3. The final thing you need to rank up your character is collecting feathers. Once you've met the above conditions you can then "buy" the upgrade with feathers you collect from doing different things. The values required for upgrading depends on the star level you're going for, but the two most will have to deal with will be upgrading 3 star units to 4, and 4 star units to 5. The required feathers are as followed: 3 to 4 = 2,000 and 4 to 5 = 20,000 (19,700 if you've fused two of the same units once). Yes the upgrade to 3 to 4 isn't bad, but the 4 to 5 could possibly take months. As to how you can earn feathers? See the next tip...


Once you've done the above three steps, your unit will then be upgraded to the next star rating, and it's level will be reset to 0. Sadly you'll also lose any + bonuses you got from fusing units, but I'll touch more on this below.

How to get Feathers -

Feathers act as a type of currency in Fire Emblem Heroes, and they are not that easy to come by. The ways to get them area as followed:
  • Fighting in the Arena
  • Getting a daily bonus from a unit visiting your castle
  • Releasing heroes you do not need
There may also be other special log in bonuses and events that give them out, but the above three ways will be your go to options.

To get the daily bonus, all you have to do is look at your castle screen and look for any unit that is ready to talk to you. These units are typically ones that have come to visit from friends, but I have personally seen other units give me feathers as well.

Besides relying on the daily bonus, fighting in the arena is another daily event, and it'll also be your main way of obtaining feathers. Each day you are given three passes to battle in the arena, and every time you win in a row you'll gain a point bonus. Stronger enemies will give you more points, and if
another player fights against your own AI in the arena and loses, you'll also gain defense points. These points are then used to place you in a ranking system where you will gain feathers based on how well you did. For example, earning 3,001 offense points will get you 1,600 feathers when the current arena season ends (which is roughly 4 days according to our current timer), and earning around 801 - 1,000 will get you 500 instead. On the defense side, max is 251 points for 500 feathers, with the lowest being 1 - 100 points for 100 feathers. Basically what this means is, you'll be able to earn the 2,000 needed for a 3-4 star rank up quite easily, but the 4-5 rank up could take a month or so depending on how well you do in the arena.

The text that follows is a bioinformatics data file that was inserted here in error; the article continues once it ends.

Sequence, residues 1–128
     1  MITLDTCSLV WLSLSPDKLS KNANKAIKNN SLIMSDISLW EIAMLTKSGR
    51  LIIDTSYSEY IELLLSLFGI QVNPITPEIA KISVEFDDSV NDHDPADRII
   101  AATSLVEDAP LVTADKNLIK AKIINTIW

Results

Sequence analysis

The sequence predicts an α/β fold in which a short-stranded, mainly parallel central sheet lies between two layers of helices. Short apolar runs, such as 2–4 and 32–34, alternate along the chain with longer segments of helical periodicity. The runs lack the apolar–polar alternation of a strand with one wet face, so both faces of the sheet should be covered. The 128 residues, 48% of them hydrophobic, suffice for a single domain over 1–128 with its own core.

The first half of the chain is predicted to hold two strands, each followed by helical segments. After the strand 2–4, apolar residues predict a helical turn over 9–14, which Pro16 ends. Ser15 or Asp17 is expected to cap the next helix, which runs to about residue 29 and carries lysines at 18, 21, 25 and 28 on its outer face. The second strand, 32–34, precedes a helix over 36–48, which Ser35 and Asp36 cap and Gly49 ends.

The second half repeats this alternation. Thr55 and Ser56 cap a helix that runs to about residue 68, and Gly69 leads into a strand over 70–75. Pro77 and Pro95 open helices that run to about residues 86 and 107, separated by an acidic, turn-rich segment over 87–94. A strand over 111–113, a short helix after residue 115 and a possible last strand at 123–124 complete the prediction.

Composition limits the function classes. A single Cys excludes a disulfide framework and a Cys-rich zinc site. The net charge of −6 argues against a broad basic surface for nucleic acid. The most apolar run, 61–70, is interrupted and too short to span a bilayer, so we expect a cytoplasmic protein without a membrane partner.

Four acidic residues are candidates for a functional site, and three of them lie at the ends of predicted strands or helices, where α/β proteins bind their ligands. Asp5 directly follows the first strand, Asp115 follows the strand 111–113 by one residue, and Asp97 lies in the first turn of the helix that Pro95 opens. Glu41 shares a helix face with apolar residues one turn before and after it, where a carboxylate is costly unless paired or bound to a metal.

The final main way of getting feathers isn't quite as easy, but it's a good bonus that'll help you get to your goal faster. For this all you have to do is release (sell) heroes that you no longer need. Yes this means you'll have to summon them so that you can release them, but considering you'll be getting doubles of weaker units you don't need, there's really no reason not to do this. The values for releasing units are as follows:

1 Star Units = 5 Feathers
2 Star Units = 10 Feathers
3 Star Units = 150 Feathers
4 Star Units = 300 Feathers
5 Star Units = 1,000 Feathers

If you want to release your units or not is up to you, but again it can be a nice bonus. However, I do recommend thinking twice before you release your 5 star units as duplicates can be fused together to increase their stats.

Fusing Units -

As I've mentioned above, duplicate units can be fused. While only bonus SP (points used to unlock skills on units) is carried over when fusing two units of different star ratings, fusing two units of the same star rating will result in a character becoming stronger. In my case I was able to fuse two 4 star Tharja's together to add an extra +1 to her overall level. The plus side to this is, your characters can go over the level 40 level cap this way, but the down side is that promoted units do NOT keep this stat. In other words if I were to upgrade my 4 star Tharja to a 5 star, she would lose her +1. With that being said, it's actually best to only fuse 5 star characters together, and trade in any unwanted 4 stars or below. Sure you could also work on upgrading your 4 star units to 5 so that they can be fused, but considering how much work it takes to upgrade, it may be best just to cash in for the feathers.

Leveling Crystals -

Besides fighting in the tower to level up, it's also possible to use crystals on your units instead. By completing different monthly and story related quests (fountain at the bottom right of the castle), it is possible to earn crystals. These crystals can be fused into characters to boost their level, and can help you get new units up to speed without wasting stamina on training them. Keep in mind though that these crystals are limited, so in many cases it may be best to just level the natural way.


Other Smaller Things -

On top of the tips above, there are a few other things you may want to know before going into this game.